Kodak set to launch new smartphone this week in second attempt to break into market
Kodak is set to release a new smartphone, a year after its first attempt to break into the market failed.
Kodak, the company that brought the world the handheld camera but lost out in the digital revolution, is making its second foray into smartphones.
Last year, the Kodak IM5 smartphone aimed to simplify smartphones for a broader audience. This led to it being labelled an “old person phone”, Kodak chief executive Jeff Clarke told the ABC. “That camera was our first trial,” he said.
Another disappointment was, as Sean O’Kane described in The Verge was that images taken the phone’s camera “paled in comparison to what I could reproduce with my iPhone.”
The smartphone disappeared from shelves and use quickly after its release.
Clarke told Ticky Fullerton on The Business that the new phone will have a “completely different approach,” and that “the camera will be exceptional as you would expect from Kodak.”
The camera of the smartphone, which will be revealed in London on 20 October, is important to the brand as, “Kodak has been in imaging since it started, and we’re going to continue in it going forward.”
Little has been revealed about the phone, apart from teasers on TV and social like this tweet from earlier in the month.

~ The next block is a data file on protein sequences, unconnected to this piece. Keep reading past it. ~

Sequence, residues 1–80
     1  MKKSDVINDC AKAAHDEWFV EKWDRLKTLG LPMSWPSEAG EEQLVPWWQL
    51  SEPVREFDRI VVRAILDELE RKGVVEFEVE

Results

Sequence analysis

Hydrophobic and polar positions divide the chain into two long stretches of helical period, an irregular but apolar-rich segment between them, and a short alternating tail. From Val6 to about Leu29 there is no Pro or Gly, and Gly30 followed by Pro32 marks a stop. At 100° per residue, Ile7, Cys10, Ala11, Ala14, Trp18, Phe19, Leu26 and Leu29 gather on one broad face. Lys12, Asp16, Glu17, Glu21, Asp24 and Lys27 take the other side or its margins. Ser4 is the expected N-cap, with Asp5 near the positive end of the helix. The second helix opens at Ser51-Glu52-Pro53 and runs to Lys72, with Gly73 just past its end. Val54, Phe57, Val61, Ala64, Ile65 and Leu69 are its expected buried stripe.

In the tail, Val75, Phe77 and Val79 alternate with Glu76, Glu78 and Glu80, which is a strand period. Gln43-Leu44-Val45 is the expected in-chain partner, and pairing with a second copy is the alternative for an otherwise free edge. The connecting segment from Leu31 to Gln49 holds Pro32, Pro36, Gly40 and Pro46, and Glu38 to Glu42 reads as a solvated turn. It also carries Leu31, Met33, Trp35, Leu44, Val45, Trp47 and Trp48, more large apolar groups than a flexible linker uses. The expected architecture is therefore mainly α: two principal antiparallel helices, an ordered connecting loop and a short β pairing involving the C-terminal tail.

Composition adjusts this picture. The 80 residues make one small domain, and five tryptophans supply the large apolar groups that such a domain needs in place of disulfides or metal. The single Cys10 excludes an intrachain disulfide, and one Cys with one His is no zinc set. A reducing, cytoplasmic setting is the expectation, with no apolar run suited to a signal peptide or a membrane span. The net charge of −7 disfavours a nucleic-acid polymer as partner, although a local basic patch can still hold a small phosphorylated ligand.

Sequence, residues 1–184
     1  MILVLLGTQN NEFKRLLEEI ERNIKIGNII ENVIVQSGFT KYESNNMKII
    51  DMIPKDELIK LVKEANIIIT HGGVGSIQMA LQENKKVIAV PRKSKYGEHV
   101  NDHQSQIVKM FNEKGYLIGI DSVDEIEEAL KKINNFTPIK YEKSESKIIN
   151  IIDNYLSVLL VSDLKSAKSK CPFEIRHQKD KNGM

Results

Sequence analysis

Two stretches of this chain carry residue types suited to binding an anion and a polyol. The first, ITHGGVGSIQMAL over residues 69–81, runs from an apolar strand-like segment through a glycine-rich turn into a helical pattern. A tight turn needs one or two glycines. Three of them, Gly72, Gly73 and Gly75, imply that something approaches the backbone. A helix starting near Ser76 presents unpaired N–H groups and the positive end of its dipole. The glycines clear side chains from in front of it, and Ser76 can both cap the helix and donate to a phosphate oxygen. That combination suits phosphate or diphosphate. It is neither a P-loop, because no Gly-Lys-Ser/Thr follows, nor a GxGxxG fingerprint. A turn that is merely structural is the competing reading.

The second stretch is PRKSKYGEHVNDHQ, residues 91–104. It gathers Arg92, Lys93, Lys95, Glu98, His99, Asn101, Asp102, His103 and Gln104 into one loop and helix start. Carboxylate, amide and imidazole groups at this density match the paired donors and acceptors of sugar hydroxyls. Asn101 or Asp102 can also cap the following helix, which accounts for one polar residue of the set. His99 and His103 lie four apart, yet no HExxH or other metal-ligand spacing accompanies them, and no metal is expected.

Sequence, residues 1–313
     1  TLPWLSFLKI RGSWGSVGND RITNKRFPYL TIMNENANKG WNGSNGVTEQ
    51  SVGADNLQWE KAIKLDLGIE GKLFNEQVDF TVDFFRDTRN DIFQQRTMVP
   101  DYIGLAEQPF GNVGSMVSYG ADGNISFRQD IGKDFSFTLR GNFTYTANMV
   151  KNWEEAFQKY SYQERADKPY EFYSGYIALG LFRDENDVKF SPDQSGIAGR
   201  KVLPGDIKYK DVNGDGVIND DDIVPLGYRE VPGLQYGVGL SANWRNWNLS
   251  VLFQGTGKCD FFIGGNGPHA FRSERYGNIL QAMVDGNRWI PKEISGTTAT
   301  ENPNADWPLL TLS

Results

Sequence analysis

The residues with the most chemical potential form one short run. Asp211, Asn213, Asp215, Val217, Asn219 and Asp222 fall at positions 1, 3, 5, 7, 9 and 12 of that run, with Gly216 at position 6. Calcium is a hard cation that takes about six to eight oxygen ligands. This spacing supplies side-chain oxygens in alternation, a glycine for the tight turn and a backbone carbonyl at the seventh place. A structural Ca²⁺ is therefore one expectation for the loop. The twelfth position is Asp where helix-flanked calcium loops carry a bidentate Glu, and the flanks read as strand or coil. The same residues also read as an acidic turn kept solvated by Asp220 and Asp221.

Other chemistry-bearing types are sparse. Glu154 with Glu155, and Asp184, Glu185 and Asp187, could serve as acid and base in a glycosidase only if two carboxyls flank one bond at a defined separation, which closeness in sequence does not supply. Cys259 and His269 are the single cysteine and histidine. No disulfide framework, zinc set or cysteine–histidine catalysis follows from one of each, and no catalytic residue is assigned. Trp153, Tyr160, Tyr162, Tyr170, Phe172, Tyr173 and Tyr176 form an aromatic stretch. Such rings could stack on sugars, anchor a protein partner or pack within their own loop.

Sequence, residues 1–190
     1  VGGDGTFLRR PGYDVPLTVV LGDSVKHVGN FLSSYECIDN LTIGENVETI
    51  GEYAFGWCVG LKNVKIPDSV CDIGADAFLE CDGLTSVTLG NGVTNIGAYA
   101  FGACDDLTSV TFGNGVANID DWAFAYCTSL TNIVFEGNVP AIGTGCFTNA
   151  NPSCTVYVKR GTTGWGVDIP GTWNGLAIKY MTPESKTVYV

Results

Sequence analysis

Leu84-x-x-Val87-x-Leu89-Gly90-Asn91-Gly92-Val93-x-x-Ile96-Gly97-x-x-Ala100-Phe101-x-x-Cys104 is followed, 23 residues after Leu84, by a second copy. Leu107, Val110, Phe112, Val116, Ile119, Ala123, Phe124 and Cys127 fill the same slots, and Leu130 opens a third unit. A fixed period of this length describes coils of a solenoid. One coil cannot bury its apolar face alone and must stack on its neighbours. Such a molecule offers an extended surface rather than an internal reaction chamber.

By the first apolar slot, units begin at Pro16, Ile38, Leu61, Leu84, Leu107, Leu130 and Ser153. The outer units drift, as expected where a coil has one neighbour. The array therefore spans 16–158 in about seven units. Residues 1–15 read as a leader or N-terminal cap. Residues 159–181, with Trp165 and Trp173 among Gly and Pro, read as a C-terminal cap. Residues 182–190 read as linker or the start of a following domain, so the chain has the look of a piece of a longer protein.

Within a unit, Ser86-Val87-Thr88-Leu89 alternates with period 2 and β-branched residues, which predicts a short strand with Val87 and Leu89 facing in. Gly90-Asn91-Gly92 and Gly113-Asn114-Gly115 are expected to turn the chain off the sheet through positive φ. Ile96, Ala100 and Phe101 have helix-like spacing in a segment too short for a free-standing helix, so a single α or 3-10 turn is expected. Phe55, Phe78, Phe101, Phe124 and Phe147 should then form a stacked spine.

Kodak invented the digital camera in the 1970s, but refused to invest in the new technology for fear it would jeopardise its film business, which we know it did anyway.
It came out of bankruptcy by selling patents to technology companies including Google and Apple. It still retains 6000 patents and the rights to use its original patents and intellectual property.
While returning to profitability earlier this year, and beginning to embrace new technology, Kodak is still committed to film, investing heavily in saving film photography and filmmaking. It is the world’s only remaining producer of super 8, and has introduced a new super 8 film camera, as part of its encouragement of the ‘analogue renaissance’.
It remains to be seen whether the camera will enjoy success, and also if Kodak’s steadfast efforts to keep film alive will be enough to keep the brand successful and relevant in the long term.